Declaration of patient consent
The authors certify that they have obtained all appropriate patient consent forms. In the form, the patients have given their consent for their images and other clinical information to be reported in the journal. The patients understand that their names and initials will not be published and due efforts will be made to conceal their identity, but anonymity cannot be guaranteed.
Financial support and sponsorship
Conflicts of interest
There are no conflicts of interest.
| References|| |
Wittneben JG, Buser D, Belser UC, Brägger U. Peri-implant soft tissue conditioning with provisional restorations in the esthetic zone: The dynamic compression technique. Int J Periodontics Restorative Dent 2013;33:447-55.
Tsai BY. Use of provisional restorations as implant impression copings. J Prosthet Dent 2007;97:395-6.
Parpaiola A, Sbricoli L, Guazzo R, Bressan E, Lops D. Managing the peri-implant mucosa: A clinically reliable method for optimizing soft tissue contours and emergence profile. J Esthet Restor Dent 2013;25:317-23.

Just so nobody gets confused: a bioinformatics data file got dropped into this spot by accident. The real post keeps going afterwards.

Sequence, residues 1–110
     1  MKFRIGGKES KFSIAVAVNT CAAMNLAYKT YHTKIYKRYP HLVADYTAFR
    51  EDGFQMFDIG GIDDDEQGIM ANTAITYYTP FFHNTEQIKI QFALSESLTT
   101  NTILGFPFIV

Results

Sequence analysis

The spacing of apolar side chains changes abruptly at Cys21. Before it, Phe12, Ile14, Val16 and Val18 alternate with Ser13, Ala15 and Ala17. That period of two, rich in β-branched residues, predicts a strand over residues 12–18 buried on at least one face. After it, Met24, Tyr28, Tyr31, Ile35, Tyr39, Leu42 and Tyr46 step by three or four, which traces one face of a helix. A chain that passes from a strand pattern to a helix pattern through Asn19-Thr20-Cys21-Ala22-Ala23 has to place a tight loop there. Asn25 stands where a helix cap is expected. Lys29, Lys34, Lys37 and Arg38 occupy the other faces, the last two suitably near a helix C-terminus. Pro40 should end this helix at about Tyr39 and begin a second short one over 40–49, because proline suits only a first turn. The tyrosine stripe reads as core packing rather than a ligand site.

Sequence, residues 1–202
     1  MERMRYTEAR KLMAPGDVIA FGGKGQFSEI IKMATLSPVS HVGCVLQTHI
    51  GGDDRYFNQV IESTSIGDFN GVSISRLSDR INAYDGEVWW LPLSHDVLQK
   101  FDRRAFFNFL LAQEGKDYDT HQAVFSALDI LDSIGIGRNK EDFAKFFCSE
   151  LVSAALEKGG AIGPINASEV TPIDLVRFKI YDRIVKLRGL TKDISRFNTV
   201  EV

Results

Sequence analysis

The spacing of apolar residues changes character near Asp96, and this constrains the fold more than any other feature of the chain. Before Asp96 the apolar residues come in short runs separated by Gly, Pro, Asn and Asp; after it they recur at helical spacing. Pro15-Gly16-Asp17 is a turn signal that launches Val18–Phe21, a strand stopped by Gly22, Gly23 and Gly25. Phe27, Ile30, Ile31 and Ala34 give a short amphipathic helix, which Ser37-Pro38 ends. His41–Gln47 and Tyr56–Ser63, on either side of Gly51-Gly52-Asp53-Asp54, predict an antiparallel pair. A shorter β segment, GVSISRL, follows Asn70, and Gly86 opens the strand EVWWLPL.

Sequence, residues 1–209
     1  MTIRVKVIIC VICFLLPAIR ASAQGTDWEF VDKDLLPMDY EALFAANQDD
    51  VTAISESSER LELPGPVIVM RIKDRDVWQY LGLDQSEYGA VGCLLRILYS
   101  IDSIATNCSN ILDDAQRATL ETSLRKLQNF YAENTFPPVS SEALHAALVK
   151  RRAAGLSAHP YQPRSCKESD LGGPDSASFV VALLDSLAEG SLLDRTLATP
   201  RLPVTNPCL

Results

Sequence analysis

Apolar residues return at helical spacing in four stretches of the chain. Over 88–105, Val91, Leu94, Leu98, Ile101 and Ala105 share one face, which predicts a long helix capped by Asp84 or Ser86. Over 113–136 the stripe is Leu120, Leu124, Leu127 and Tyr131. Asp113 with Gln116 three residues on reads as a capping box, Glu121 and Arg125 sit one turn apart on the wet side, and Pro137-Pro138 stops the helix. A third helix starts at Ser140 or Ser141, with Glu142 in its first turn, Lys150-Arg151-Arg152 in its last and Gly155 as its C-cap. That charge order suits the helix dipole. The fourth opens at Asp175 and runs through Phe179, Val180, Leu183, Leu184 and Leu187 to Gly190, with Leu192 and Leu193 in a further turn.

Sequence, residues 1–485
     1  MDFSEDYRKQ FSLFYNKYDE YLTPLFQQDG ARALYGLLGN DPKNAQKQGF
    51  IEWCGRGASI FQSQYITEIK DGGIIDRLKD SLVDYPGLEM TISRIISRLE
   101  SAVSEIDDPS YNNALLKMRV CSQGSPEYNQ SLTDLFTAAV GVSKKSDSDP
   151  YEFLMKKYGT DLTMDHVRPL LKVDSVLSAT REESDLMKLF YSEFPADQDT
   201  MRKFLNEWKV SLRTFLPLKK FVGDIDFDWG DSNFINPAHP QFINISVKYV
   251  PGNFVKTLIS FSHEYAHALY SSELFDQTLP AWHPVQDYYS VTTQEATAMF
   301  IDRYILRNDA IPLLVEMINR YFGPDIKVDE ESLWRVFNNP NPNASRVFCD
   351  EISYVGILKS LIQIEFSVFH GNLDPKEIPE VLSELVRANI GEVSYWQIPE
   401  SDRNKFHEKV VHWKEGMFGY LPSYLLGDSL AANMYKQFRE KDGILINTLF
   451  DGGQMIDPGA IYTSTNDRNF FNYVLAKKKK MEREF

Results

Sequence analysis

Spyropoulou PE, Razzoog M, Sierraalta M. Restoring implants in the esthetic zone after sculpting and capturing the periimplant tissues in rest position: A clinical report. J Prosthet Dent 2009;102:345-7.
Patras M, Martin W. Simplified custom impression post for implant-supported restorations. J Prosthet Dent 2016;115:556-9.
Ntounis A, Petropoulou A. A technique for managing and accurate registration of periimplant soft tissues. J Prosthet Dent 2010;104:276-9.
Chee WW, Cho GC, Ha S. Replicating soft tissue contours on working casts for implant restorations. J Prosthodont 1997;6:218-20.
Tsai BY. A method for obtaining peri-implant soft-tissue contours by using screw-retained provisional restorations as impression copings: A clinical report. J Oral Implantol 2011;37:605-9.
[Figure 1], [Figure 2], [Figure 3], [Figure 4], [Figure 5], [Figure 6], [Figure 7], [Figure 8], [Figure 9], [Figure 10], [Figure 11], [Figure 12]